Soho Crime, August 2014
This novel is as complicated and inscrutable as the Chinese, and probably could have been split into two or three books. It is a detailed history of Taiwan, a deep look at the culture and its people from the original aborigines to its more recent takeover following the civil war on the mainland and the settlement of the forces led by Chiang Kai-shek. Then it is a love story of sorts. And lastly, it is a mystery.
The story takes place during Ghost Month, a period in which the dead are commemorated. A haunting time. The plot tells of the love of Jing-nan and Julia ever since they were toddlers and what happens to them when they grow up. They pledged themselves to marriage, but then left for the United States and college on separate coasts with no contact. When his parents died, he was forced to take over operation of the family food stall at a night market. She returns to Taipei only to be shot dead, and he undertakes to find out why and by whom.
While the writing is clear and concise, I found the various digressions overwhelming, making it hard for this reader to maintain any kind of pace. It might have been a better read if the novel had been simplified, omitting a lot of extraneous albeit interesting information of the peoples and history of the island. The book is recommended for those who enjoy such a deep and penetrating picture of Taiwan.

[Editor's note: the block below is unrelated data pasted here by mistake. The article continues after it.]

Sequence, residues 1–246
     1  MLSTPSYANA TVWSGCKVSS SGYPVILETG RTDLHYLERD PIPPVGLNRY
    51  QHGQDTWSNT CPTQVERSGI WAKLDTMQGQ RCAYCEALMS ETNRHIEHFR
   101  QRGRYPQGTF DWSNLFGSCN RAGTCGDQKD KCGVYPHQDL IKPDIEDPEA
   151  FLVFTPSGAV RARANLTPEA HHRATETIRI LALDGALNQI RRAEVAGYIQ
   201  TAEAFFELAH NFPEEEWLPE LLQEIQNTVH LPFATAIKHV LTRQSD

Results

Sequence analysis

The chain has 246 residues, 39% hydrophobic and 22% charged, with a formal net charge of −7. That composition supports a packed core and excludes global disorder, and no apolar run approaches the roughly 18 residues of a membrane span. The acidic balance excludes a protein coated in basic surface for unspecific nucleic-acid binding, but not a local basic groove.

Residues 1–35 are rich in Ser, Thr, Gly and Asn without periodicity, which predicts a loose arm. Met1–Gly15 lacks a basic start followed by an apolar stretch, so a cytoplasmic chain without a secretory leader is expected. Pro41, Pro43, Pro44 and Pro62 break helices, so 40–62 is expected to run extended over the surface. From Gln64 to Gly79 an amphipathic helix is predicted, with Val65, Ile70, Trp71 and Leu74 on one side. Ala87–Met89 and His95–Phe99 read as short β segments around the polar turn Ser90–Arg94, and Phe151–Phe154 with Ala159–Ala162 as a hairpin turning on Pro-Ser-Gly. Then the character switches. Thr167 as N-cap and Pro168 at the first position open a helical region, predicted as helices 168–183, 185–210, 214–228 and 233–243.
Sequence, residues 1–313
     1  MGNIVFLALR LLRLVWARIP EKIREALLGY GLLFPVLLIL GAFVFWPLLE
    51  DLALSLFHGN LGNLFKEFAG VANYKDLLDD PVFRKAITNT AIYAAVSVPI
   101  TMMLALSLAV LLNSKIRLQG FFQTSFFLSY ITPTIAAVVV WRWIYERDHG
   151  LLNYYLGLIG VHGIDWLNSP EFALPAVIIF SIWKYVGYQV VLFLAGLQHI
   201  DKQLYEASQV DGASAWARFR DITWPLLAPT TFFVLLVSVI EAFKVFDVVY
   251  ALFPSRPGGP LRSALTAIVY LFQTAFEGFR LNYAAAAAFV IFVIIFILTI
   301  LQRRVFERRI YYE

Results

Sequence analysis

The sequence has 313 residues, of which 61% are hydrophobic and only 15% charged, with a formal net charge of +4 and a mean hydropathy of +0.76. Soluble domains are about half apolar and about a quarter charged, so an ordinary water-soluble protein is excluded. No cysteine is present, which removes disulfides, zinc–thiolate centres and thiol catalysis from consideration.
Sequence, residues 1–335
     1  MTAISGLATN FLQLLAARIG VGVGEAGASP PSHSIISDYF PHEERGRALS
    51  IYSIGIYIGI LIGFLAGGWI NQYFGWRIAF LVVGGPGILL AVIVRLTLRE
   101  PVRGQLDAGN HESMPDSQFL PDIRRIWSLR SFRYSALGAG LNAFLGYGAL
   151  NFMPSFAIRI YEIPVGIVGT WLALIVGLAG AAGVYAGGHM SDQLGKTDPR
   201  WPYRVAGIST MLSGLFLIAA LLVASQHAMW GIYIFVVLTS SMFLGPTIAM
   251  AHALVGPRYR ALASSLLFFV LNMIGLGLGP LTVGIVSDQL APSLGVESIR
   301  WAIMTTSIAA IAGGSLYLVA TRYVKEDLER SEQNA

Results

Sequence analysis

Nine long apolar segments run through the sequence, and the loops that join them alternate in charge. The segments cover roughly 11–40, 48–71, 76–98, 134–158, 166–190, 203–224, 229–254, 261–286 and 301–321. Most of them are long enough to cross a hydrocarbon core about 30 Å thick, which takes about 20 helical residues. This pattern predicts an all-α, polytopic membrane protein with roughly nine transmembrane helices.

Reviewed by Ted Feit, March 2015.
A Dark and Twisted Tide
Lacey Flint Novels #4
Minotaur Books, June 2014
Still reeling from her recent harrowing experiences, Lacey Flint chooses to cease being a detective and reverts to working in uniform, albeit on a boat patrolling the Thames River; also living in a boat in a small inlet and taking up swimming in the polluted waters. But there is no way the author lets Lacey avoid danger and the taste of detecting. So it comes to pass one day that she encounters the remains of a female while swimming. And thus hangs a complicated tale.
Three more bodies turn up and Lacey becomes part of the investigation, which is full of twists and turns. It appears that the victims were from Afghanistan and smuggled up the Thames to some hidden location near where Lacey’s boat is docked. So the investigation initially is centered on a case involving people-smuggling. The question, of course, is why. A subplot involves Dana (Lacey’s boss) and her significant other, Helen, in their quest to have a baby, bringing them to a fertility clinic, setting the stage for another character to play a role in an ending that boggles the mind.
The author is famous for constructing novels full of surprises, and this one is no different. It is full of red herrings keeping the reader off balance and turning pages to find out what happens next.
Reviewed by Ted Feit, January 2015.